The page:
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Old Jul 26, 2008, 9:29 PM   #1
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i am an intro to slr cameras and pretty much have narrowed it down to two choices both the same price (which is quite low because of my budget).i am a very intro user. my first choice is the nikon d40 and the other is the sony a200. i will not really be printing... so, will the lesser megapixel in the nikon matter?? i will mainly be shooting in dim light situations (iv been told more mega-pixels will help reduce grain in this aspect). will the greater megapixel in the sony make the sony better than the nikon. also i will not plan to buy new lenses so availability of accessories should not be taken into consideration. which is better?????? (and for what reasons)
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Old Jul 27, 2008, 12:03 AM   #2
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Daniel-

I own both theSony A-100and the D-40. If you are going to depend on the .jpeg format 100%, I would go with the Nikon D-40. If you are willing to use RAW, at least ocassionally, then the Sony A-200 is the logical choice (particularly with high ISO existing light shots).

You must also at the same time consider the lenses available for both cameras. Keep in mind that the A-100/A-200 can use all those inexpensive K-M legacy lenses.

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Old Jul 27, 2008, 2:56 AM   #3
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considering that the nikon has only 6.2 megapixels while the sony has 10. will it be a benefit considering i take many pictures in dim situations (grain is a major problem). im not sure what to believe because ive been told 6 is fine because i wont be printing. BUT ive also been told that 10 will be better to deal with grain in dim light situations.
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Old Jul 27, 2008, 6:10 AM   #4
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What you're referring to is 'noise', not 'grain'.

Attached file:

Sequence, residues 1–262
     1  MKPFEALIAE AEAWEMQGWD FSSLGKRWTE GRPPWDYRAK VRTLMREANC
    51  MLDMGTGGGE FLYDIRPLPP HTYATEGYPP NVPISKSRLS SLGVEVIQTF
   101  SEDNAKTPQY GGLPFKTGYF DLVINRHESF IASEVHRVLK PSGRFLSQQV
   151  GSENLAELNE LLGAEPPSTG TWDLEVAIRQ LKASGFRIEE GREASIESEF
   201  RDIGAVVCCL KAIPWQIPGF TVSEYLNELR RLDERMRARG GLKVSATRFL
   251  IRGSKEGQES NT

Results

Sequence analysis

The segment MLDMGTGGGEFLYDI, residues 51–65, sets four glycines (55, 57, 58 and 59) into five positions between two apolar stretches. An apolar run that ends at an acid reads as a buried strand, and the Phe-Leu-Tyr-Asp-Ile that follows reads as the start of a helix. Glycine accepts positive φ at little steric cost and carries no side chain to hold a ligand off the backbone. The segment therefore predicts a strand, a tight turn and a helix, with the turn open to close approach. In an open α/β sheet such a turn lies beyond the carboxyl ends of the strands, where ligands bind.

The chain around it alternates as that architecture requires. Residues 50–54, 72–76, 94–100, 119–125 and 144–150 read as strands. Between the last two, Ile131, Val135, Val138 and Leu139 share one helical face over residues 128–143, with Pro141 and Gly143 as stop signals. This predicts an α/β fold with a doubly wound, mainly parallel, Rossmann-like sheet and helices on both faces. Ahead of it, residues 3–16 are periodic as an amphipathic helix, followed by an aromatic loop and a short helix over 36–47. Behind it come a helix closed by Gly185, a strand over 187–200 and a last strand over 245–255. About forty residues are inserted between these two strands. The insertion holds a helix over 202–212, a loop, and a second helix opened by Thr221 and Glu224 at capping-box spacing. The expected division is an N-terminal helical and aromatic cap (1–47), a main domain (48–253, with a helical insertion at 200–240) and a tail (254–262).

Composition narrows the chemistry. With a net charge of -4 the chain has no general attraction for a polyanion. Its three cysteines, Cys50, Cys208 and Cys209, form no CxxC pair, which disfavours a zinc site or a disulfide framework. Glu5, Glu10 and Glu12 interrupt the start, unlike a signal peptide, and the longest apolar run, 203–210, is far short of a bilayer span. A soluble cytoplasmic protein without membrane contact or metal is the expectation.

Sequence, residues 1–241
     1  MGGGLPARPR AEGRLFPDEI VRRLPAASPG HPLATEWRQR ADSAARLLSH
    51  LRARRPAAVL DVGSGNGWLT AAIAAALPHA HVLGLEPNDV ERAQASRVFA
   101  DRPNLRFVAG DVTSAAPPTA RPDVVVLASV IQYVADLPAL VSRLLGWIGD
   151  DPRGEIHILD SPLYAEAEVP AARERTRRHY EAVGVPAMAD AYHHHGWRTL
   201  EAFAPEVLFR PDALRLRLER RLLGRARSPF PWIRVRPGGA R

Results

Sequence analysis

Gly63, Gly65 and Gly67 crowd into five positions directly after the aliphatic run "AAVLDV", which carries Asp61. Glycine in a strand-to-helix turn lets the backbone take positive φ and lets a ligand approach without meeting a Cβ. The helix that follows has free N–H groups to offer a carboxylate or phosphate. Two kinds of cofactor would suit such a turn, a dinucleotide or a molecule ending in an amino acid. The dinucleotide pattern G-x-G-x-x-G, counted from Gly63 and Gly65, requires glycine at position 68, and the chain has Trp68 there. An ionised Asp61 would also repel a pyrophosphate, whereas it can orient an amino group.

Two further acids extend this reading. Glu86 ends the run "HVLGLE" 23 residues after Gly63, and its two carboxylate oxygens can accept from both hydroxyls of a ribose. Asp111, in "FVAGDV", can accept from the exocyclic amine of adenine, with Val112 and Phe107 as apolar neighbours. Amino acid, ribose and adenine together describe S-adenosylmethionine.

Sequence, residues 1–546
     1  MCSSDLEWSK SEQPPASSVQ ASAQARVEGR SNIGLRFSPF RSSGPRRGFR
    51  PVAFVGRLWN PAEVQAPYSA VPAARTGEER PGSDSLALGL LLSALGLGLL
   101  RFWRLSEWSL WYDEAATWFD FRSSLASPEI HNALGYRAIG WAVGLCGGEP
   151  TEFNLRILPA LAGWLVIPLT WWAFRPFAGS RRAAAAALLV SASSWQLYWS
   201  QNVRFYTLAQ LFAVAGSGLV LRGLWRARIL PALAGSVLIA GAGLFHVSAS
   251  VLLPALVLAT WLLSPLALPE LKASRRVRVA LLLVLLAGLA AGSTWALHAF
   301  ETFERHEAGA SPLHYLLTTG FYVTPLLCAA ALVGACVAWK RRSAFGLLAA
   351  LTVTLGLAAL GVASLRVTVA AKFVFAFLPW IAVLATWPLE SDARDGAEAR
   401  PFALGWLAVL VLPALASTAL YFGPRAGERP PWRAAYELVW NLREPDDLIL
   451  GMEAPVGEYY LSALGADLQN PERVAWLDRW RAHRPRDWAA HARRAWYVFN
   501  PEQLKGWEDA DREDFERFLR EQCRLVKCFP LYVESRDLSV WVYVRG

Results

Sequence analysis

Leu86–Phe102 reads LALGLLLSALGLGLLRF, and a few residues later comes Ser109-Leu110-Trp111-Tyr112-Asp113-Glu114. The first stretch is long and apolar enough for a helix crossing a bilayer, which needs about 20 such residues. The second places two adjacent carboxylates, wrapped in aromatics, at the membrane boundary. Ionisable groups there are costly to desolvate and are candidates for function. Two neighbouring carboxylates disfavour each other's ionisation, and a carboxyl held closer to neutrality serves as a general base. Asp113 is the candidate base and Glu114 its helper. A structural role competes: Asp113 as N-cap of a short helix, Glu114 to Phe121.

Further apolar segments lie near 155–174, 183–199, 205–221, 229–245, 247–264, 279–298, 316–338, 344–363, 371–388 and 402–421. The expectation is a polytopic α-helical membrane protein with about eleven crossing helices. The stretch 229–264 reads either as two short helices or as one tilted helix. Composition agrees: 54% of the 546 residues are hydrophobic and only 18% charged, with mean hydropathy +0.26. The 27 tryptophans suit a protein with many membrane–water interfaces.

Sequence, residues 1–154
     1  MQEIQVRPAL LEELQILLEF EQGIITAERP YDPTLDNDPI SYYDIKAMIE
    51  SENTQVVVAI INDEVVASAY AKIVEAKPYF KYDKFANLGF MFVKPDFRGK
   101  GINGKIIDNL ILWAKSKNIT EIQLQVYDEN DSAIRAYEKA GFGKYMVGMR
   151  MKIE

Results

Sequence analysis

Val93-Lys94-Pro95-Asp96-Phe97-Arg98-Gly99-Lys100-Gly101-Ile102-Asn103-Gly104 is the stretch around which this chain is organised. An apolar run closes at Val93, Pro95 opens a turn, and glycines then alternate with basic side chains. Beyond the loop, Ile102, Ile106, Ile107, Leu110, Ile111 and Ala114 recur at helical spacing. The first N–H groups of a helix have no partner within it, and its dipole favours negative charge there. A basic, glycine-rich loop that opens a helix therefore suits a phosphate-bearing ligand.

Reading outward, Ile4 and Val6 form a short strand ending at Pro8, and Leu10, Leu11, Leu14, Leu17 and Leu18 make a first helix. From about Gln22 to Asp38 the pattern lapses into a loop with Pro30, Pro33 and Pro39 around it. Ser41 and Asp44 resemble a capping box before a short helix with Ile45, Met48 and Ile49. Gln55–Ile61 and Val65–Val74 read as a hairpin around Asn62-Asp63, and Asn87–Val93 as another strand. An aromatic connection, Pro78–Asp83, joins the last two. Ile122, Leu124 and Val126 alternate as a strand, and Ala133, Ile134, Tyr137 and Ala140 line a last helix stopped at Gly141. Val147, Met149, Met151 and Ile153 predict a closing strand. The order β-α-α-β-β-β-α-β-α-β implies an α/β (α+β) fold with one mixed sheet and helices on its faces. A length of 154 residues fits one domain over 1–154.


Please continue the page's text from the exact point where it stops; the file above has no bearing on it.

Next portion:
The term 'Grain' isa carry-over from the days of film, where actual particles of various silver compounds on the film react to light.These particles were visible upon close inspection (on some filmsmore than others) and appearedas grains in theimage. Film that contained larger grains were more sensitive to light and so had a higher ISO speed, but the grains weremore visible.

What happensin digital image sensors is known as 'Noise', which is what happens to dim or dark portion of aimage where the image sensor's inherent signal-to-noise ratio throws in the occasional errant pixel, or where a single photon receptor might react more than it should. This noise occurs more often when the pixel density is increased and when the ISO setting is increased (increasing the sensitivity of the image sensor.)

The D40 has a good reputation for images with low noise, partly because a 6MP APS-C image sensor has a lower pixel density than a 10MP APS-C image sensor.

There are other differences between the Nikon D40 and the Sony A200, however. First, the autofocus system in the D40 is among the slowest available in a dSLR, especially in low-light conditions. Second, the D40 doesn't have a built-in autofocus motor, so many lenses from Nikon and from third parties, that will work on other Nikon dSLRs, won't autofocus on the D40 (or the D40X or D60). That list includes some large aperture lenses that would be appropriate for low-light photography.

So a Sony A200 with a used Minolta 50mm f/1.7 lens (~$100), shooting at ISO 800 would be much more capable of low-light photography than a Nikon D40 with the kit lens at it's maximum aperture of f/5.6 at 50mm, shooting at ISO 1600! In this situation, the Sony would be much better suited for low-light photography than the Nikon. Plus you'd have the higher resolution image sensor with the Sony.

Yes, if you won't ever print, the additional resolution might not ever be useful. But if you ever want to crop your images, or apply other types of post processing to them, the additional resolution would make that job a lot easier.

When you look at dSLRs, you are looking at the initial foundation of a photographic system. Clearly, you have some requirements for a camera that are not exactly 'mainstream', so the choice of a system is more important than the choice of a camera. And since your budget is limited, the choice of that initial foundation is more critical than it might otherwise be.
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Old Jul 27, 2008, 7:53 AM   #5
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Quote:
i will mainly be shooting in dim light situations
If you can't use a flash, and your subjects are not stationary (i.e., you're trying to shoot people indoors in dim lighting), you're not going to be able to get many usable photos with the kit lenses.

They're just not bright enough for that purpose (i.e., you'd get lots of motion blur from subject movement because your shutter speeds wouldn't be fast enough). You'll need a brighter lens and/or an external flash for non-stationary subjects in low light.

I'd be more specific about the lighting and subject types you're interested in for better responses.